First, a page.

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What is Sato? How to Make & Drink Thai Rice Wine

As February comes to a close in Northeast Thailand, the Thai rice wine (sato) making season begins. While sato (สาโท) can be made all year round, the most popular time for making Thai rice wine is from the end of the cool season through the Songkran holiday in April. Sato is a sweet Isaan wine made from fermented sticky rice, or khao niao, and the alcohol content can range from beer level (4%) to fortified wine level (15%). It’s been a part of Northeastern Thailand culture for centuries.

Sato is commercially made in Thailand, but as any local will tell you, the store-bought rice wine isn’t comparable to genuine moonshine sato, brewed from recipes that have been handed down across generations. While making sato at home is technically illegal in Thailand (with fines upwards to 50,000 baht for selling it), few to no people are ever fined for making small amounts for home consumption.

During Songkran parties in Sakon Nakhon, one used to find large buckets of sato (rice wine) on tables, in which you would dip your cup. But these days, sato is often stored inside re-used plastic soda bottles from which you pour yourself a drink. Note that sato is different than lao khao, which is clear “white whiskey” that is stored in glass bottles and should only be consumed by those who have a strong constitution and can handle their alcohol. If you overindulge, check out our post on the best Thai herbal tea for liver health.

Sato has a tangy flavor, and sometimes it is slightly carbonated. The fermentation process takes up to 35 days and is done with the help of “look pang,” a combination of yeast and fungus. Sato is an excellent accompaniment to Laab Moo (Isaan Pork Salad). Some Thais prefer drinking sato closer to room temperature, while others like it best chilled. If you have been gifted a bottle of sato, keep it stored in your refrigerator. It’s best drunk within a few weeks after it has been made.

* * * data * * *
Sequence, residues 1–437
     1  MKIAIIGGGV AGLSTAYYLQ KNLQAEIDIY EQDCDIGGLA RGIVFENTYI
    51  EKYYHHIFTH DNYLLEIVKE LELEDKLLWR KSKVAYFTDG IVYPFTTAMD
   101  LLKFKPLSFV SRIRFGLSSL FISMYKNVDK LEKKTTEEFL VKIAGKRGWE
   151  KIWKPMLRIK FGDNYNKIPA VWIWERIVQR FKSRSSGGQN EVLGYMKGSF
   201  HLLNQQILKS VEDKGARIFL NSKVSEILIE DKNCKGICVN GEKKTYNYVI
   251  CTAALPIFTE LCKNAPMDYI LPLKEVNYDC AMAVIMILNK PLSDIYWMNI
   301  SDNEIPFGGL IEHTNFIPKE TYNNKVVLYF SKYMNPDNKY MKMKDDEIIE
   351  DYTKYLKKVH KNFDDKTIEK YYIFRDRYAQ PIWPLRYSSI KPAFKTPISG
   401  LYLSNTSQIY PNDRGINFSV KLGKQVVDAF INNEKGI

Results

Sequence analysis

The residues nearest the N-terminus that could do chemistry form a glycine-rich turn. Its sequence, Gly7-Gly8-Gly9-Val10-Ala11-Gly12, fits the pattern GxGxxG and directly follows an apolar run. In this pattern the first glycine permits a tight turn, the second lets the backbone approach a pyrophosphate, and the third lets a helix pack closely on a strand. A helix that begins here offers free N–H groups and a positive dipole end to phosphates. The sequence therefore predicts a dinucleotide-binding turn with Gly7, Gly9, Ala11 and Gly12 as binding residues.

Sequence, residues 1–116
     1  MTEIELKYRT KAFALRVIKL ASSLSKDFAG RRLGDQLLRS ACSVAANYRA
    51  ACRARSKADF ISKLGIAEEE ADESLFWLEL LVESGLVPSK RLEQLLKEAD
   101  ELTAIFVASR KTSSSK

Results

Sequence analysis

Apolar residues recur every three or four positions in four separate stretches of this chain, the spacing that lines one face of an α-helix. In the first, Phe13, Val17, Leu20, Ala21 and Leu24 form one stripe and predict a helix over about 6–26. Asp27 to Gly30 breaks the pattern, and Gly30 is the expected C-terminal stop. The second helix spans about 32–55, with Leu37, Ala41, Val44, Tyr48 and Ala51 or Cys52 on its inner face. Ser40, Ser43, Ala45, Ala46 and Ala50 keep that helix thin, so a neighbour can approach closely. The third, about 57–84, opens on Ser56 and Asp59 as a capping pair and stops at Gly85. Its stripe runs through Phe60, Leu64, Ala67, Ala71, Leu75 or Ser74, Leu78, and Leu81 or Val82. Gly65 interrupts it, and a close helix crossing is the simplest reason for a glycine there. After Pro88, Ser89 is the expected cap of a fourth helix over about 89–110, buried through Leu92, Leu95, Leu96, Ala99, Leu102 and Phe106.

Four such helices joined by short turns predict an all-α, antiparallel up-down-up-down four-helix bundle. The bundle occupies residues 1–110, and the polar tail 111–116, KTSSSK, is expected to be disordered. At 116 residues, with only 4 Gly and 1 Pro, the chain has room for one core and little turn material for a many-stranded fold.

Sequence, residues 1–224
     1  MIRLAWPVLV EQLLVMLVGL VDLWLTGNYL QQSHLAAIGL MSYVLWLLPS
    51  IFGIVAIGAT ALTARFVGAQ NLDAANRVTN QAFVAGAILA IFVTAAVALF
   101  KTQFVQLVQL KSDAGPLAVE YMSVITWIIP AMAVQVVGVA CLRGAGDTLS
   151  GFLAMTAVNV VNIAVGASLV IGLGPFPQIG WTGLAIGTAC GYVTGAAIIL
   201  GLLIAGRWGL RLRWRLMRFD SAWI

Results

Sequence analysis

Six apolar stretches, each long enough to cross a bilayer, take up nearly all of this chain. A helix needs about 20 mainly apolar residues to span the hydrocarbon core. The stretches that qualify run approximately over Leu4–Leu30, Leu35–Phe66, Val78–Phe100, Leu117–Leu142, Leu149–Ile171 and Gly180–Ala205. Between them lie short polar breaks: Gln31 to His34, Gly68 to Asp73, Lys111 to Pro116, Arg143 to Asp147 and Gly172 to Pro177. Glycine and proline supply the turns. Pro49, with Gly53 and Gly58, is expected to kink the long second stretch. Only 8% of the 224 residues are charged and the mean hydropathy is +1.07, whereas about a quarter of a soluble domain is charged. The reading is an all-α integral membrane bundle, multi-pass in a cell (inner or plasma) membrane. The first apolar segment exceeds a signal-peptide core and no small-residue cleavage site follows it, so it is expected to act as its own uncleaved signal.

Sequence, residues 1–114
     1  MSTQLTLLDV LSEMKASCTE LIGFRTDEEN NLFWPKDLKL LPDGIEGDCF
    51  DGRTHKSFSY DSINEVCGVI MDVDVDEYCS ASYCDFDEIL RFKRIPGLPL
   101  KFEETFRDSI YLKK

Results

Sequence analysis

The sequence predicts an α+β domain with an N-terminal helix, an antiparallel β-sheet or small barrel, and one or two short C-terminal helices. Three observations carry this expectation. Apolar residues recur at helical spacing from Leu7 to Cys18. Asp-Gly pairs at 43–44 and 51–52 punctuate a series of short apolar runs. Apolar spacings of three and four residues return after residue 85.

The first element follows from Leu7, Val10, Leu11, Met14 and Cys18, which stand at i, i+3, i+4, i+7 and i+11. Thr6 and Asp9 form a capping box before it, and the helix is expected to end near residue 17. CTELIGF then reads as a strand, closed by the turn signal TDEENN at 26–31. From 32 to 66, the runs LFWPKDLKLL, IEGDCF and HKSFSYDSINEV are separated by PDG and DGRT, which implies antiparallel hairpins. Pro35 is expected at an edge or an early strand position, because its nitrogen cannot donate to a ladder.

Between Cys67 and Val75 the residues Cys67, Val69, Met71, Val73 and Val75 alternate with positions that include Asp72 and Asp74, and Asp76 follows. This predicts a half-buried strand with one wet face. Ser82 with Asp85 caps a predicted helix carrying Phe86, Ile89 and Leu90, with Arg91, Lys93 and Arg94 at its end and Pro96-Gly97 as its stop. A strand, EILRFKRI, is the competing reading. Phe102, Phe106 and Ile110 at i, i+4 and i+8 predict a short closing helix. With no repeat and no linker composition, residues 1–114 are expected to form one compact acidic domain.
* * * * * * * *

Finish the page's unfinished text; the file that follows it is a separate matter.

How to Make Sato (Thai Rice Wine)

Ingredients & Equipment needed

2-4 liters of white or black sticky rice

1-2 dough balls (Made with flour, yeast, water, and sometimes added ingredients such as salt or sugar)

Bamboo steamer

Mortar

Mixing bowl

Warm water

Large jar or clay pot with lid (for the fermentation process)

 

Sato (Thai Rice Wine) Preparation

1. Soak the rice in water for 6-12 hours. After that, rinse the rice grains with clean water 2-3 times until the water is no longer cloudy or visible. When the rice is completely cleaned, steam the rice.

2. Pound the dough ball(s) in a mortar into a fine powder.

3. Put the steamed sticky rice in a bowl, sprinkle with ball powder, and mix together by hand. While mixing, pour in about 1/2 a liter of warm water (previously boiled).

4. After mixing the powdered rice balls with the sticky rice and water, pour it into your fermentation container. The lid or cloth cover should loosely fit to allow for venting of the gas that builds up.

5. After 6-7 days of fermentation, open the lid and add about .8 liters of warm water (previously boiled). Let the mixture ferment for another 2-5 weeks.

6. Pour the Sato mixture over a cloth to separate the Sato rice wine from the fermented sticky rice. You now have delicious Isaan Sato to drink!